exactly that

Pop-Culture and Passing

“Passing” has always been a touchy subject for me. As a mixed-race person I have always felt as though I lived in a rather “damned if I do” place with regards to how I identify. My life experiences and upbringing were very much centered on my Native American heritage. My appearance, however, always made the acceptance of that by both myself and other people very difficult. It’s not easy to present as differently than you identify because there will always be plenty of people to tell you how you should identify. I am constantly reminded that because I present as white to their eye then I should accept that I am in fact a white person. There are two problems with this: I am not a white person, and it is not the decision of anyone outside of myself to decide how I get to identify. There is no proper way to present as a person of color/non-white person, and for anyone else to press a definition of what is or is not properly “of color” is unacceptable.

I don’t recall a ton of pop culture that deals specifically with the politics of being mixed race or presenting differently than you identify. It is one of the reasons that when I picked up and played Dragon Age II that I was so startled and taken with some of the missions surrounding the character Feynriel.

A screencap of a very pale young man with fair hair, light eyes, and very thin features, including a slender nose, and shallow-set eyes. He is meant to look half-human and half-elf, and should appear all human.Feynriel is a half-human/half-elf young man that you meet when his mother is distressed because he has come into magic in a way that has caused him to possibly become a danger to himself. A funny thing about Dragon Age is that the writers, most notably I imagine being David Gaider who wrote the novels where I noticed this lore most heavily played upon, have given us a situation where a person born of mixed-race origins will always present one way. In this case, a child born of one human and one elf parent will always present as human, and in a world lacking DNA science, there is no way to tell otherwise. Dragon Age provides us through the course of two novels and three games with two fairly prominent characters who depict this background. One I will not spoil for you if you are not aware of it or do not consider it canon (though to me it is completely obvious that this is in fact exactly his lineage and quite intentional). The other is Feynriel. They do, however present very differently.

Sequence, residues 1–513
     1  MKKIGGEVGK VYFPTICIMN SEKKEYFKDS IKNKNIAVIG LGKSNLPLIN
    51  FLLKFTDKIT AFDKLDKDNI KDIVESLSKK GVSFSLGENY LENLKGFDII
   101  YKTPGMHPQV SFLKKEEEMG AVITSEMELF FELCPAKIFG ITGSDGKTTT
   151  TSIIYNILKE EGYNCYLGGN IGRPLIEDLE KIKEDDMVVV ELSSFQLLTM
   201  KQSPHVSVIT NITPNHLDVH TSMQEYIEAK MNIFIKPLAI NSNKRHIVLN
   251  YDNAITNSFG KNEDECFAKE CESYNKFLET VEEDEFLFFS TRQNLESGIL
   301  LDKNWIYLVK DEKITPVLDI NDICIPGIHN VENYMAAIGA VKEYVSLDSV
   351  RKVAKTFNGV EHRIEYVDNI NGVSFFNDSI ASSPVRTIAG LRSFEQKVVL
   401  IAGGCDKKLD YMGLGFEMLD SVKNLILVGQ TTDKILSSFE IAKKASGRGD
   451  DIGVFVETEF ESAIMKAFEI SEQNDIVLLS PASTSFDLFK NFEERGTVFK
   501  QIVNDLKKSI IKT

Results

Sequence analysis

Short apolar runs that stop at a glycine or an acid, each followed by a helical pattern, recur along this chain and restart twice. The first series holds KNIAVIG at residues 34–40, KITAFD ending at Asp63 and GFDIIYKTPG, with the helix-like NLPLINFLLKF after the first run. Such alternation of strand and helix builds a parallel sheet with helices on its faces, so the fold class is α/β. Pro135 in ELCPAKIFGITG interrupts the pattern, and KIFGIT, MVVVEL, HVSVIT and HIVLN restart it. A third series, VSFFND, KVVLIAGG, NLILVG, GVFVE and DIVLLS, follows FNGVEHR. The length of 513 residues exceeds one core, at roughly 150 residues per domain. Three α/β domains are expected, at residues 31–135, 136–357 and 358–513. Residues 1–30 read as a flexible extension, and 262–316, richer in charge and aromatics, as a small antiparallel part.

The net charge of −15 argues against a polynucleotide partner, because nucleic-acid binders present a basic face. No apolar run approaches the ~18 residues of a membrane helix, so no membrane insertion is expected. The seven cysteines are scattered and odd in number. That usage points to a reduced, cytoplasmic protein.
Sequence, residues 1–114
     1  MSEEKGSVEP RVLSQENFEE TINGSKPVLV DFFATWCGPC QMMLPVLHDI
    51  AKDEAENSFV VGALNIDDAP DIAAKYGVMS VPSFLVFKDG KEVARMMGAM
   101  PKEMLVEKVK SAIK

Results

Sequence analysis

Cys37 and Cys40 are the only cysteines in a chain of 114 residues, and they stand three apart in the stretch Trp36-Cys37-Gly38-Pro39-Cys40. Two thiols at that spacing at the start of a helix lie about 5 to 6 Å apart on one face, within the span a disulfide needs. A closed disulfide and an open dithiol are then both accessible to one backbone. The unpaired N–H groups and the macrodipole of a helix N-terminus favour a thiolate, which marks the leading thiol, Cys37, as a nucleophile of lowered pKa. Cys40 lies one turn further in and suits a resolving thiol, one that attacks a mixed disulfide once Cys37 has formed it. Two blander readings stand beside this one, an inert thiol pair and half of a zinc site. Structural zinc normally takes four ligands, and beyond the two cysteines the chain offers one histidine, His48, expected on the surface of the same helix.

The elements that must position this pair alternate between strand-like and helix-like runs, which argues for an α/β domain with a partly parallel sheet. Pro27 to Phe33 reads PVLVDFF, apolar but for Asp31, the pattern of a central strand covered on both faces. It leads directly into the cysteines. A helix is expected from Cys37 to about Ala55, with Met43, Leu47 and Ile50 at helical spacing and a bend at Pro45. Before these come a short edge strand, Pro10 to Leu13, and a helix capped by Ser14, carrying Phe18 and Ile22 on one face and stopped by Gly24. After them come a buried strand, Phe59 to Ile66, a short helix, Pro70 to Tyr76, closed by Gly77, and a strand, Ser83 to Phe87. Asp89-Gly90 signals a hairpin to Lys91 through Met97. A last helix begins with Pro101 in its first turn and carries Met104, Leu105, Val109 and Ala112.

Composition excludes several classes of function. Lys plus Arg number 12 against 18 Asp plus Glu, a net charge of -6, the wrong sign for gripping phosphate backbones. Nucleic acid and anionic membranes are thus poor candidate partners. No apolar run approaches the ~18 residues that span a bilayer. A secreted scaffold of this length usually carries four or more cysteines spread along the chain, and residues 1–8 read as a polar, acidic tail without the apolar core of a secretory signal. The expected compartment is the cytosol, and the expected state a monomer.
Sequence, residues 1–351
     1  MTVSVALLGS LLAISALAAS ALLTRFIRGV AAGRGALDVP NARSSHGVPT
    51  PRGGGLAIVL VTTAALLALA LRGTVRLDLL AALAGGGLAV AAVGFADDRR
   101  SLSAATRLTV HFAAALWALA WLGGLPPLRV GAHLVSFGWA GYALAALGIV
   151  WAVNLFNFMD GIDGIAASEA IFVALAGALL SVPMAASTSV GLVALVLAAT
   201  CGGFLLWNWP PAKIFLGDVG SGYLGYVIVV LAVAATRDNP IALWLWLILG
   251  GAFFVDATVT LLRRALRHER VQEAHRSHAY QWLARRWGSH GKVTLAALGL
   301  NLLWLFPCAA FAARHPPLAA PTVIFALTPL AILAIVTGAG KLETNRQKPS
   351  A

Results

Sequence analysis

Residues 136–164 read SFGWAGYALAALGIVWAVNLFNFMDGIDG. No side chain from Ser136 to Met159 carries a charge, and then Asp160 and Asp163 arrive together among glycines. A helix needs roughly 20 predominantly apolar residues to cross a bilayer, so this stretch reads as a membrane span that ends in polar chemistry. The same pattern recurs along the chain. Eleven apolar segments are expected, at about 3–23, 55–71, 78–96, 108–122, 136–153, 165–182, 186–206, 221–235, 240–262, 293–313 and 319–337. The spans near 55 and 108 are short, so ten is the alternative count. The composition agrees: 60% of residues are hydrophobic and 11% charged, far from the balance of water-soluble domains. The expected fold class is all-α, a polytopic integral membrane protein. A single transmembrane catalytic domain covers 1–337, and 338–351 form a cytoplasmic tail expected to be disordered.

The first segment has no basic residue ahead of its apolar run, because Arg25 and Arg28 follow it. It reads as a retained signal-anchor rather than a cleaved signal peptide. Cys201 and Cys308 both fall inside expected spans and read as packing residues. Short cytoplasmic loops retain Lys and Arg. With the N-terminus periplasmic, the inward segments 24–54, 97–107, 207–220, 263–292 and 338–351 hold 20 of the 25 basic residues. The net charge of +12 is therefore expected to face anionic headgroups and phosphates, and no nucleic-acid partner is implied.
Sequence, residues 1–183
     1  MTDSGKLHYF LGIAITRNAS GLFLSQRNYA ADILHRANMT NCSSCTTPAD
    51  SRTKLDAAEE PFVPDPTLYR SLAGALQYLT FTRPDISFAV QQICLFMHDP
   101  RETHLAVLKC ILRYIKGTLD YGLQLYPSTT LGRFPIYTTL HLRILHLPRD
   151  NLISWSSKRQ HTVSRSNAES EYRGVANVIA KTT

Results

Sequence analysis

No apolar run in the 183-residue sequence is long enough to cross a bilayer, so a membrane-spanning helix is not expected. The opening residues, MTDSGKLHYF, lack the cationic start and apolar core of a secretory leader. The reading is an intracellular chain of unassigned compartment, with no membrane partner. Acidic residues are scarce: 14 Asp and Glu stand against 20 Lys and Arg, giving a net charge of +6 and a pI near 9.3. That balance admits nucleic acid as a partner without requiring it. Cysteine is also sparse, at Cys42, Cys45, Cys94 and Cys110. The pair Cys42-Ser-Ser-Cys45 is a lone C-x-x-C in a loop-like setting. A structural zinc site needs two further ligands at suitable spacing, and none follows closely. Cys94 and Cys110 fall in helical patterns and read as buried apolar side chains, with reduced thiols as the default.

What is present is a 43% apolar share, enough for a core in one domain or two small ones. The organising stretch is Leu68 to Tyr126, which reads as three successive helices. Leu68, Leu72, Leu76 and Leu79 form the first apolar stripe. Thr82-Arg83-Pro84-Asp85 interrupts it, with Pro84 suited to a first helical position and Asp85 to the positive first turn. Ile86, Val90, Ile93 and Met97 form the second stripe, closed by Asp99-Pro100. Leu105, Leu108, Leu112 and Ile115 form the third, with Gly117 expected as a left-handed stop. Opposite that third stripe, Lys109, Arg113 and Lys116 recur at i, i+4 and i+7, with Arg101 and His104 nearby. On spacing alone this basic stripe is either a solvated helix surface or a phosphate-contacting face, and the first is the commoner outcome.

Both are men, and one is the very picture of a stereotypically “ideal” looking man, while Feynriel looks far more elven. He has the narrower features, flatter forehead and more shallow set eyes of the elves in DAII. He is more fair and thin. I even found his ears to be slightly pointed. I found it interesting that both characters seemed to prove my basic idea that no mixed race person will every look exactly a certain way.

I wish that BioWare had taken a slightly less Caucasian approach to presenting a face of a mixed-race person, but in my mind the variation in features provides a little bit with me to work with that I might almost be willing to let that pass. Almost.